3. While Paul di Resta remains in the running for next season’s drive alongside Lance Stroll, a reported EUR 8 million in sponsorship associated with Kubica, and collected in part by co-manager Nico Rosberg, could just be the deal breaker for the Pole.

    13. About “Comment of the day”,
      As a stargazer and a Formula 1 fan, i’m very interested on this king of stats. Thank you @MiguelBento !!!
      I remember the 2013 Abu Dhabi race with the partial eclipse clearly visible during the race.
      Amazing images !

    14. Bottas in my opinion has done exactly what Mercedes wanted of him, and that was to be a good number two driver to Lewis Hamilton. It is as simple as that, and it worked to perfection. If both Mercedes had been fighting for the championship directly, as we had when Rosberg was in the car, you would have seen crashes and points being lost. At the beginning of the season especially, Ferrari were strong and a situation like that could have tipped the balance in their favour.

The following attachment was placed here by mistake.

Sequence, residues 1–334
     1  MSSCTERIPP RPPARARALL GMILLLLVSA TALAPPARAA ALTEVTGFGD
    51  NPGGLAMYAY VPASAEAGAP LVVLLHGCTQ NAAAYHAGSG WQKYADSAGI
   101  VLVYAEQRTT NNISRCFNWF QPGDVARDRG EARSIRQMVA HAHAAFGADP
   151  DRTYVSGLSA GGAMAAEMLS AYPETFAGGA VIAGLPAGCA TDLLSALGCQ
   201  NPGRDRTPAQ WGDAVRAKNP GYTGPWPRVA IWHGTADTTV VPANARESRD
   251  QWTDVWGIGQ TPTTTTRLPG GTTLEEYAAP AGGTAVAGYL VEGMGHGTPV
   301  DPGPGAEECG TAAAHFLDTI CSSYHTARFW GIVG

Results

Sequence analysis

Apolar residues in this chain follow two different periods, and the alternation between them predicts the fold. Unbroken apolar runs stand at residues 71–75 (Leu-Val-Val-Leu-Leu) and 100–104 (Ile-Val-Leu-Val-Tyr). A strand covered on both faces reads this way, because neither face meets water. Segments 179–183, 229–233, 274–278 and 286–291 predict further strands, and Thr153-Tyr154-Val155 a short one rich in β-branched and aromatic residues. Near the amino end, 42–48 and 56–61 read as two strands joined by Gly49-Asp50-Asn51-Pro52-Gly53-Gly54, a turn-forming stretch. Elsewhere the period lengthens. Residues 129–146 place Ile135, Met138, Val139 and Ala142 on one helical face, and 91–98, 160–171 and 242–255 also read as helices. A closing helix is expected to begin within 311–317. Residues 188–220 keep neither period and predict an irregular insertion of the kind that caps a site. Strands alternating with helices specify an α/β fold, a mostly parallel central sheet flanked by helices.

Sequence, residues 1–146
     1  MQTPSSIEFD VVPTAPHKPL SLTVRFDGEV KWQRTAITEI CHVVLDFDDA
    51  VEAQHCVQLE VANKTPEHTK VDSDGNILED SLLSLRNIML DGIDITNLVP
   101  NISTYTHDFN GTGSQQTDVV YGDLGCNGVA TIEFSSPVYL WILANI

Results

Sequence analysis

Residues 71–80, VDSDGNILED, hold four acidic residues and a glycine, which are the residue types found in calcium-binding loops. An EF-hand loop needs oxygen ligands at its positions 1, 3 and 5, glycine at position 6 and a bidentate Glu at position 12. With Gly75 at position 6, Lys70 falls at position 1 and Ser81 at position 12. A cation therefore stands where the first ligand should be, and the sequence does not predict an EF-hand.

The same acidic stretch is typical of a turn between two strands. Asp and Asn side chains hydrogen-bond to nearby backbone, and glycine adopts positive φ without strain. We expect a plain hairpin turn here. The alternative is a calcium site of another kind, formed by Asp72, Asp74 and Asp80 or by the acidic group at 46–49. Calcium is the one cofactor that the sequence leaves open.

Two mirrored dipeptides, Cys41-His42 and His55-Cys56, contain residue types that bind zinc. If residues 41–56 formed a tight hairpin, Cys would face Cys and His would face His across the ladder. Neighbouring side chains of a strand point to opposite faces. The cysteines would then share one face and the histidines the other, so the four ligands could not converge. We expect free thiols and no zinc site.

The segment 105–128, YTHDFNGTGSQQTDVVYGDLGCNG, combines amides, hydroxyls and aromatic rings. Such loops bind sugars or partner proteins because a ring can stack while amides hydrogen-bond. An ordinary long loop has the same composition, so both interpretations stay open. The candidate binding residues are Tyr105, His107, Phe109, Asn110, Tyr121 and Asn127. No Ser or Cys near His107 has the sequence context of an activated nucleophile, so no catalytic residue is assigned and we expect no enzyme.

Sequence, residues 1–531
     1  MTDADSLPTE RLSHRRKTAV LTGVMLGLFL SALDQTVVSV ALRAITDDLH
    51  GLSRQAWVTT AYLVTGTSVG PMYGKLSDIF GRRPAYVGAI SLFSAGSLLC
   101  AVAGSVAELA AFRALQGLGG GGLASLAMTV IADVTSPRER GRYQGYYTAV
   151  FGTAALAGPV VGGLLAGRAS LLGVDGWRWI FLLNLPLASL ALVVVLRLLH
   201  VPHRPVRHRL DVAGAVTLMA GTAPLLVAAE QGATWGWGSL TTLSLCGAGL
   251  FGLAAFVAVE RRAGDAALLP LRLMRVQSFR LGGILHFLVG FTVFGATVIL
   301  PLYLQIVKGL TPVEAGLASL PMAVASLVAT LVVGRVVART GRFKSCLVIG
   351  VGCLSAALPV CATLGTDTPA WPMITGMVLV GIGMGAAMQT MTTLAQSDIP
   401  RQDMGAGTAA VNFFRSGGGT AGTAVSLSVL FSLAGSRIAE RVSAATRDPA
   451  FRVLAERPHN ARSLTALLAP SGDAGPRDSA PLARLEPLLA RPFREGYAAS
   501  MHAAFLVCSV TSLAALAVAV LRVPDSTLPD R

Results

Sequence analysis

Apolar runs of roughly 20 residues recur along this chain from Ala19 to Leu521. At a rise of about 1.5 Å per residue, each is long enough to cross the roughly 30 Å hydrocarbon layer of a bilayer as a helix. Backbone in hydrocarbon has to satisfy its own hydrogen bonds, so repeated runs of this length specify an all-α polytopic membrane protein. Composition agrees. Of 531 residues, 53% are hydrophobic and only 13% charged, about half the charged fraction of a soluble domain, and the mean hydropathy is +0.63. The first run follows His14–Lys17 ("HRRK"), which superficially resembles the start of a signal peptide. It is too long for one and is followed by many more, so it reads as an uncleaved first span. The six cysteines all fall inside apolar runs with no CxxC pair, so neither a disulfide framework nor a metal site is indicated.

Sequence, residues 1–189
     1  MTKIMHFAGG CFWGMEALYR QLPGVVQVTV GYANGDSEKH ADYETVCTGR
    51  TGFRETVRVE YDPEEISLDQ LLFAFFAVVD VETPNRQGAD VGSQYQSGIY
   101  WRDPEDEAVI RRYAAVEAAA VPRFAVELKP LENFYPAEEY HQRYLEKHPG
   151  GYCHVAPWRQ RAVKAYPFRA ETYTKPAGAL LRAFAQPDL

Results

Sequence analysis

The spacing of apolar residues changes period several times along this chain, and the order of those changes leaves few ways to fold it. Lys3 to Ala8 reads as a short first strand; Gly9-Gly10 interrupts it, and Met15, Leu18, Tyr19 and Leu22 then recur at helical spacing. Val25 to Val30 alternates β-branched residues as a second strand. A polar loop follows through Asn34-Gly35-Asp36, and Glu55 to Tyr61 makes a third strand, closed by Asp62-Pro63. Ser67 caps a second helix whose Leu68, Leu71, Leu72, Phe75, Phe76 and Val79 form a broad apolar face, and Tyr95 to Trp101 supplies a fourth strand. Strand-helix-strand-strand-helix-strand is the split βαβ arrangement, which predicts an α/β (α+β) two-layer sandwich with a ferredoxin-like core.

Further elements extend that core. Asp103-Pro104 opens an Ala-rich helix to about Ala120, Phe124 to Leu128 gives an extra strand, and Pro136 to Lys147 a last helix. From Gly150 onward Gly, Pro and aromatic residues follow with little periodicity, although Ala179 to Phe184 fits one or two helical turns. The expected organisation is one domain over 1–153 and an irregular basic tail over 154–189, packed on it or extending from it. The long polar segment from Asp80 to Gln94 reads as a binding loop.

Atleast Bottas won grands prix, unlike Raikkonen who failed to win one race, whilst Vettel won multiple events. Infact, of all the top three teams, he is the only driver not to win a race in 2017.

      1. @The Limit Ok, that’s one way of looking at it, however…let’s not forget that who Mercedes actually wanted was the driver who they had extended contracts with in 2016, through 2018, Nico Rosberg.